The last scenario is one that’s been occurring more frequently, based on the emails that I receive. What if your son is defiant. “Why can’t we eat Hershey’s chocolate? All my friends do!” This is a very troubling response, particularly because it’s usually not about the chocolate. If your son feels unhappy or trapped, you need to tread very carefully.
I can tell you what won’t work. Long discussions. Yelling and begging. Guilt trips. Punishments or consequences. Not only will these not work, they will more than likely backfire. You need to speak to your Rav or someone who can guide you. Turn to your son and say firmly, “I am disappointed now. I love you, but you violated my trust. We will continue this discussion later.” After that, walk away and get some help.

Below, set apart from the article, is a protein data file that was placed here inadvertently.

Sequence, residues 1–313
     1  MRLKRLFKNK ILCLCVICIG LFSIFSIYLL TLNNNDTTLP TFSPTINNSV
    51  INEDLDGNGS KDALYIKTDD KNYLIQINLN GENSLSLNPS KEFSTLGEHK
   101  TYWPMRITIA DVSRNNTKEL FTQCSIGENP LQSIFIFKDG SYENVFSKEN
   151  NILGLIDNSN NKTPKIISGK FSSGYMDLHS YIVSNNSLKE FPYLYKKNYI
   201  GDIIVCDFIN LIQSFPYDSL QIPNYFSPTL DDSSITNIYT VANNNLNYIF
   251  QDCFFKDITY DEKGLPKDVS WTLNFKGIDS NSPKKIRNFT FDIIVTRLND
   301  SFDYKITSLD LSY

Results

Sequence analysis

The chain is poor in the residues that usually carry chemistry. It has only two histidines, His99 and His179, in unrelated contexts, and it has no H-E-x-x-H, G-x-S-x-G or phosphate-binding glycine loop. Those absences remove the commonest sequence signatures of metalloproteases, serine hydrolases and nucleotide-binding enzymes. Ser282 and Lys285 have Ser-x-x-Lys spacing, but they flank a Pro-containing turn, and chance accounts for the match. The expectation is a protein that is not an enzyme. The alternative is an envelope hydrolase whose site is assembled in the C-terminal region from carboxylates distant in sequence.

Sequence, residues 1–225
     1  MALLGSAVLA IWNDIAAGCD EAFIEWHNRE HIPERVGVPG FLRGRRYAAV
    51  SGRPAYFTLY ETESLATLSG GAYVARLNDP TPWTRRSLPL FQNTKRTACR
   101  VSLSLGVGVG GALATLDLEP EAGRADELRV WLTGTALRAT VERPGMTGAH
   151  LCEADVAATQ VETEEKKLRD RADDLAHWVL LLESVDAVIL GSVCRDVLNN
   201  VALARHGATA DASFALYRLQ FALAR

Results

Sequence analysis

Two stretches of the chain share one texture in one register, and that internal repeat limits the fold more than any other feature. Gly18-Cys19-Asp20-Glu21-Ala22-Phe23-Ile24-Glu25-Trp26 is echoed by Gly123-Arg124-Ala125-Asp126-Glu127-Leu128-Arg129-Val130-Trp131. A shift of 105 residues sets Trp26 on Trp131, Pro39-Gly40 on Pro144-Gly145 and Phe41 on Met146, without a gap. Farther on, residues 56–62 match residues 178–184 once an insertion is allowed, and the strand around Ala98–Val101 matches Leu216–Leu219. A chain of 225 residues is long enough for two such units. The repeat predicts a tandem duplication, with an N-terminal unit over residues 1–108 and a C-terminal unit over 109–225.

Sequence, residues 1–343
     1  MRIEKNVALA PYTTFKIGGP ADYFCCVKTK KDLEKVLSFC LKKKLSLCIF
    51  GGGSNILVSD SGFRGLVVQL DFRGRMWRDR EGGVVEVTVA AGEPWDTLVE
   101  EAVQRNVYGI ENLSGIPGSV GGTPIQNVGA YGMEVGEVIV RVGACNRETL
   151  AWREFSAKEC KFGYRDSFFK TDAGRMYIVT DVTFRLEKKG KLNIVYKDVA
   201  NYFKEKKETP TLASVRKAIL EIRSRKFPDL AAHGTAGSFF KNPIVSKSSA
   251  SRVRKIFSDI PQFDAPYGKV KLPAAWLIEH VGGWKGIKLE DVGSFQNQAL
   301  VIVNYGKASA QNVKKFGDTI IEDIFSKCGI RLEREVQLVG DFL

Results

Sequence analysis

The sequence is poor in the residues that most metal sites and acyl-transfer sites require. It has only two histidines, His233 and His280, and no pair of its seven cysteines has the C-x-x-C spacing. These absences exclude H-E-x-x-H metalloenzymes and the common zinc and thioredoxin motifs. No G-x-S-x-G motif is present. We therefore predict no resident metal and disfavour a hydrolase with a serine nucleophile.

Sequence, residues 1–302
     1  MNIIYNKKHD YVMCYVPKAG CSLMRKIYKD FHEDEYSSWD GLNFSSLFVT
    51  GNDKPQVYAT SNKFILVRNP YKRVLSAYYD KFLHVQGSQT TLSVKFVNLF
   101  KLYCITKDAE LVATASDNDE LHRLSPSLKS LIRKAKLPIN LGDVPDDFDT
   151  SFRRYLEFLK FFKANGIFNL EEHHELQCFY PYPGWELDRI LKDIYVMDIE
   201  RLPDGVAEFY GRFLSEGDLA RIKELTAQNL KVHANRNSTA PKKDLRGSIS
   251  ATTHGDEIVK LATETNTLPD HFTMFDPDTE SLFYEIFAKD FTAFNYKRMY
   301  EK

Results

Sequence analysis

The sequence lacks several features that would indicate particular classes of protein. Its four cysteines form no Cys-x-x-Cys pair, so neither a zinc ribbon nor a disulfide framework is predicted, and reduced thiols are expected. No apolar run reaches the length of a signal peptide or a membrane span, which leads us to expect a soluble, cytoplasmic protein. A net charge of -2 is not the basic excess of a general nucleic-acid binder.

The good news is that many children get defiant about things and turn out just fine. However, by overreacting or getting emotional, you can really cause a serious rift. I would like to share one idea that has worked with many people, although it needs to be used with caution.
You can turn to your son and say, “I see that you don’t understand the Minhagim that we have. However, these are our family Minhagim, going back to your great-grandparents, and we expect you to follow them. Once you are married, you and your wife can make your own decisions, and we will respect them. Until that time, please be more vigilant.”
The advantage to this statement is that:
Have a good Shabbos.
Last week, we discussed a topic that I feel is a prevalent problem in our communities, and that is depression. Depression manifests itself in many different ways, and If we play our cards right, we can catch many cases before it’s too late.